Oxford Dictionary: Teach (v.)
1. Impart knowledge to or instruct (someone) as to how to do something.
2. Cause (someone) to learn or understand something by example or experience.
Oxford Dictionary: Doctor (n.)
A person who is qualified to treat people who are ill.
We love teaching…doctors. Neither of us would do well spending hours a day in a classroom full of children (gasp!) or teenagers. There is a special place in heaven for those God made to be teachers of children. We both love kids, Jared is a pediatrician!
Teaching adults is another beast all together. There are no temper tantrums, fist fights or drama involved…generally. Adults come with the special challenge of pride and bad habits. Not all adult learners have these particular traits, but doctors are notorious for thinking and acting like they are the smartest person in the room.
So what happens when the “smartest person in the room” is no longer the actual smartest person the room? Its not pretty.
In general the ugly result is all internal, which is where pride and self preservation are helpful. None the less, every new doctor struggles with the new reality that they do not know ANYTHING. At least it feels like we do not know anything in the beginning.
We both have specific (painful) memories of being humbled by clinical errors, wrong diagnosis, and just being downright wrong. Then there are the times we did not explain something correctly to a family which resulted in confusion and emotional strain for everyone. We both have our own way of responding, coping and learning from those situations. In every situation we talked to one another and prayed…hard.
Its easy to have your spirit and all your self-confidence broken during medical school and residency. Praise God we had one another to help keep ourselves grounded in God’s plan for our life.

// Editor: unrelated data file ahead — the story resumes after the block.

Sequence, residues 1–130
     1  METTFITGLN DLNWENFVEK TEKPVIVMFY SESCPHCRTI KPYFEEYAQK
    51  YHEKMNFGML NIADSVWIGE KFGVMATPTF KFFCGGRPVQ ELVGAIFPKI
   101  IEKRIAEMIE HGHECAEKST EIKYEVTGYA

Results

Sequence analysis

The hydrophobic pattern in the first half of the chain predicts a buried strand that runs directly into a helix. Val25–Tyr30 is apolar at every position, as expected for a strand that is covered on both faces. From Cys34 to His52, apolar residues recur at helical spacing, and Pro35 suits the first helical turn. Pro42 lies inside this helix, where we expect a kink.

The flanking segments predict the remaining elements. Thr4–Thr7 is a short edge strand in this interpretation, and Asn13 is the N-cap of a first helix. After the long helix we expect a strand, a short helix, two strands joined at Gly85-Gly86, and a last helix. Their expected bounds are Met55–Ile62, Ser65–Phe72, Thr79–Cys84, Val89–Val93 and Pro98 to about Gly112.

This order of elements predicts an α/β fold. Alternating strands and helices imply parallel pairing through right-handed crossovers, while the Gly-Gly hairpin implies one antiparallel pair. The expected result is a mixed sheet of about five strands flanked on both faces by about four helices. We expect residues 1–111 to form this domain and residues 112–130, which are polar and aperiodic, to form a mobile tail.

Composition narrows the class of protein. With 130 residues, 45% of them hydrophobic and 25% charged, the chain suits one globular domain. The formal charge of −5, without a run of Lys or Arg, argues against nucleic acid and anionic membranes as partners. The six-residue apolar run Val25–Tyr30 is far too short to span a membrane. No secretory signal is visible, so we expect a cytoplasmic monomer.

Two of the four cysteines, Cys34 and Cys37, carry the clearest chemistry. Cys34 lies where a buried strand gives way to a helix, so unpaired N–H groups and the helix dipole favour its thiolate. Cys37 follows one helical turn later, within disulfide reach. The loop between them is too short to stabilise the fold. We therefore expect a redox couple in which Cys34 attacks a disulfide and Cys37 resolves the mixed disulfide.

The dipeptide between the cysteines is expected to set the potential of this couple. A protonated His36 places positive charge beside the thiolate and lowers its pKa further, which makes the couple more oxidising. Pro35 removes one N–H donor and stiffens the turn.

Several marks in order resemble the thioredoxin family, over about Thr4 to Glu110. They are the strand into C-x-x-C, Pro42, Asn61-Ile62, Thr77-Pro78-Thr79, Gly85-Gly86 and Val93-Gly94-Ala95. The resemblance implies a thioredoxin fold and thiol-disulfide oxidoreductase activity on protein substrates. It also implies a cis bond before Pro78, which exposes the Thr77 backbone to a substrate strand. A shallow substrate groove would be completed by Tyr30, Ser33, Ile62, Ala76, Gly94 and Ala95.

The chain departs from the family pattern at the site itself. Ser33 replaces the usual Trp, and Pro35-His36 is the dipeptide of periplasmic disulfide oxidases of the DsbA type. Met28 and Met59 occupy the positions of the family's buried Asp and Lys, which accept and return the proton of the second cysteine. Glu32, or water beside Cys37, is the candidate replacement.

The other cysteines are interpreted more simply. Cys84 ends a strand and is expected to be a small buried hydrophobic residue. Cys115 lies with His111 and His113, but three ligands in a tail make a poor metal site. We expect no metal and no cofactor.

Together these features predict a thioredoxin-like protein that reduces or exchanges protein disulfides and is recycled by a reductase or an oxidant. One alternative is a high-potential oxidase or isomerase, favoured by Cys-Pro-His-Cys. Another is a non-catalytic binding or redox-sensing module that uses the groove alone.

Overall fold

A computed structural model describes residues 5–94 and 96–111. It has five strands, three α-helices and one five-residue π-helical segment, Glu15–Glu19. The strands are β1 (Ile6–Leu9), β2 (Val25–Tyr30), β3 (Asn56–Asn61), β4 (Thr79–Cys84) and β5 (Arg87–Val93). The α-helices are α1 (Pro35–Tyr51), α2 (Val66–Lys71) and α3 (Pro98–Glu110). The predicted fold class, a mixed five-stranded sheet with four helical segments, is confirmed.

Learning to be a doctor and clinician in Kenya is a bit different than in the USA, but the fundamentals of human character are not. That is were we come in…the clinical instructor, supervisor, consultant (name outside USA), attending physician (name in USA)…teacher.
We moved all the way from America, our family, friends, good job security and a comfortable life to work in a rural Kenyan mission hospital because we love to teach. Not just because we want to teach doctors how to provide good medical care, but also how to love their patients with the love of Christ.
We model how to examine patients properly and how to decide which medications to prescribe. Hours a day are spent at the bedside of dozens of patients, helping our interns navigate the complexities of disease. We want them to walk away from their time at Chogoria with more than an understanding of diseases and likely patient outcomes.
We have been called to help them see each patient as one of God’s children. Each soul we care for has been created by God with intention and purpose. Each patient is another opportunity to model compassion and empathy.
Making a malnourished child smile, holding the hand of frail woman dying of HIV, praying with the son of a man diagnosed with end stage prostate cancer, handing a tissue to the mother of a newborn that did not survive. These are painful, beautiful moments of opportunity to show our learners, nurses and patients why God called us to Africa.
Christ was constantly teaching everyone, everywhere he went. He taught through stories but mostly through example. He LIVED his teachings, modeled the way he wants us to be, how he wants our hearts to pray, love, and serve others.